Amy Austell | dukemed news
Further information:
http://dukemednews.org/news/article.php?id=7644

More articles from Health and Medicine:

nachricht Millions through license revenues
27.04.2017 | Rheinische Friedrich-Wilhelms-Universität Bonn

nachricht New High-Performance Center Translational Medical Engineering
26.04.2017 | Fraunhofer ITEM

All articles from Health and Medicine >>>

The most recent press releases about innovation >>>

Die letzten 5 Focus-News des innovations-reports im Überblick:

Im Focus: Making lightweight construction suitable for series production

More and more automobile companies are focusing on body parts made of carbon fiber reinforced plastics (CFRP). However, manufacturing and repair costs must be further reduced in order to make CFRP more economical in use. Together with the Volkswagen AG and five other partners in the project HolQueSt 3D, the Laser Zentrum Hannover e.V. (LZH) has developed laser processes for the automatic trimming, drilling and repair of three-dimensional components.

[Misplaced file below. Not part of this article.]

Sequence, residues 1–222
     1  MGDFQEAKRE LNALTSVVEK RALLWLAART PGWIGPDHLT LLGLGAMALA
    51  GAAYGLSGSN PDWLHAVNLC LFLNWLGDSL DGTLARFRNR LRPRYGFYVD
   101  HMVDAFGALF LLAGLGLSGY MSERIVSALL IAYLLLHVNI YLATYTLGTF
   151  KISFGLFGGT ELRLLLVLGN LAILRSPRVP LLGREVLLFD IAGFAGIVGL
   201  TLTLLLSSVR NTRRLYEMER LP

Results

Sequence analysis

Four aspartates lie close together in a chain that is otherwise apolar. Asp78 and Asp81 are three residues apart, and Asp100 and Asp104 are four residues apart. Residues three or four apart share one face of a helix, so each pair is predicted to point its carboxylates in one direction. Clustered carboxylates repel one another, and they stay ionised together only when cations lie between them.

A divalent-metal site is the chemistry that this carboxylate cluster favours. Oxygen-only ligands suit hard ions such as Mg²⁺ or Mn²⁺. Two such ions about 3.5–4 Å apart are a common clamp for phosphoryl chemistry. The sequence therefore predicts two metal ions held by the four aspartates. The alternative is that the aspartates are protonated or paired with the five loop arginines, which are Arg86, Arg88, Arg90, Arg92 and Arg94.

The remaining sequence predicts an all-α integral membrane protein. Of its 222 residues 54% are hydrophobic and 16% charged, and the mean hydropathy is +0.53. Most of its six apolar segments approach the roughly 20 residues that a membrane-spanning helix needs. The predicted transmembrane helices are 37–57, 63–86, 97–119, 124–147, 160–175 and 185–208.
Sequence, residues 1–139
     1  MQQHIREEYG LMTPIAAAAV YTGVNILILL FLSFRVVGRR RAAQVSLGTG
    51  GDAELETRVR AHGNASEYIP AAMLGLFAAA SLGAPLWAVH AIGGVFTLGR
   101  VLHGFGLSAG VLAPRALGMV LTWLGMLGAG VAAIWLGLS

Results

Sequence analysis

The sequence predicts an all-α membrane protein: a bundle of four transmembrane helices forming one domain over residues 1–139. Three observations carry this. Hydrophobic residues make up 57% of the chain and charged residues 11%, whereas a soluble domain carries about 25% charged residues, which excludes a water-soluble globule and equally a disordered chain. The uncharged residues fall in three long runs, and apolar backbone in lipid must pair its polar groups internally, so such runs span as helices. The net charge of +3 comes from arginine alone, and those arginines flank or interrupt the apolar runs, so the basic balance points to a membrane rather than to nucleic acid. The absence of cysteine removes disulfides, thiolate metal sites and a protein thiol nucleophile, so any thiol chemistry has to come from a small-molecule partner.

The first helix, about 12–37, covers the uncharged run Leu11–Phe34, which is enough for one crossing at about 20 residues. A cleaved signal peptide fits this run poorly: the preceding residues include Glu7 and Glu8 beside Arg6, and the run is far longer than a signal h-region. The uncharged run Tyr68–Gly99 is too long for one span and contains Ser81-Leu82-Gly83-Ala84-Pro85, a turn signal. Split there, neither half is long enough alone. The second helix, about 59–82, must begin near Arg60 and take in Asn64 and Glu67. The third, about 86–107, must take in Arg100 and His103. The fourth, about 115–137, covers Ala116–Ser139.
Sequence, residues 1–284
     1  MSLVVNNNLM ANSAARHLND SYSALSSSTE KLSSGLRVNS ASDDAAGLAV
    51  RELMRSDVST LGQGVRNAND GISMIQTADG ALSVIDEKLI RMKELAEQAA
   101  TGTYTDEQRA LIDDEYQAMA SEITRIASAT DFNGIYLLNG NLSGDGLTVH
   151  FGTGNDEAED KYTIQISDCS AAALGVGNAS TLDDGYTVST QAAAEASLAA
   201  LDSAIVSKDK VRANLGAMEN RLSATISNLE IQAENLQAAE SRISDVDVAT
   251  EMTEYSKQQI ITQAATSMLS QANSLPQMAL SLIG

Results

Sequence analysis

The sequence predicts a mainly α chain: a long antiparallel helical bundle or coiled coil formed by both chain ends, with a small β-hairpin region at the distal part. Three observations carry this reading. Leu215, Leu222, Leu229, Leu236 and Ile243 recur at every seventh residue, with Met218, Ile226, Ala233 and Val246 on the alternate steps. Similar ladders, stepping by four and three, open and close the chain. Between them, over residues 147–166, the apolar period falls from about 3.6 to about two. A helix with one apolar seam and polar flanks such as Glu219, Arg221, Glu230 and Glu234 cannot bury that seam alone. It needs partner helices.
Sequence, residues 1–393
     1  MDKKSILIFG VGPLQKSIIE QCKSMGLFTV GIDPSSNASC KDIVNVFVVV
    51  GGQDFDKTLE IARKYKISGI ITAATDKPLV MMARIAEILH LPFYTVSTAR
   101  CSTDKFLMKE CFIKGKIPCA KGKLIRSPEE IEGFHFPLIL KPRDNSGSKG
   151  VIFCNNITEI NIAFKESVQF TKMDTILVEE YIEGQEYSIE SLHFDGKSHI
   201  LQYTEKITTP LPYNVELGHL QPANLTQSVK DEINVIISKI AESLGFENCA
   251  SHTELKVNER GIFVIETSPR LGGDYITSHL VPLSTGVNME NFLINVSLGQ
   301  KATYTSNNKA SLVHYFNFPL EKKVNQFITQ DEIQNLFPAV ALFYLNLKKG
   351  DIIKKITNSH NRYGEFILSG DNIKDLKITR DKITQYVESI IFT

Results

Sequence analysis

Automated manufacturing processes are the basis for ultimately establishing the series production of CFRP components. In the project HolQueSt 3D, the LZH has...

Im Focus: Wonder material? Novel nanotube structure strengthens thin films for flexible electronics

Reflecting the structure of composites found in nature and the ancient world, researchers at the University of Illinois at Urbana-Champaign have synthesized thin carbon nanotube (CNT) textiles that exhibit both high electrical conductivity and a level of toughness that is about fifty times higher than copper films, currently used in electronics.

"The structural robustness of thin metal films has significant importance for the reliable operation of smart skin and flexible electronics including...

Im Focus: Deep inside Galaxy M87

The nearby, giant radio galaxy M87 hosts a supermassive black hole (BH) and is well-known for its bright jet dominating the spectrum over ten orders of magnitude in frequency. Due to its proximity, jet prominence, and the large black hole mass, M87 is the best laboratory for investigating the formation, acceleration, and collimation of relativistic jets. A research team led by Silke Britzen from the Max Planck Institute for Radio Astronomy in Bonn, Germany, has found strong indication for turbulent processes connecting the accretion disk and the jet of that galaxy providing insights into the longstanding problem of the origin of astrophysical jets.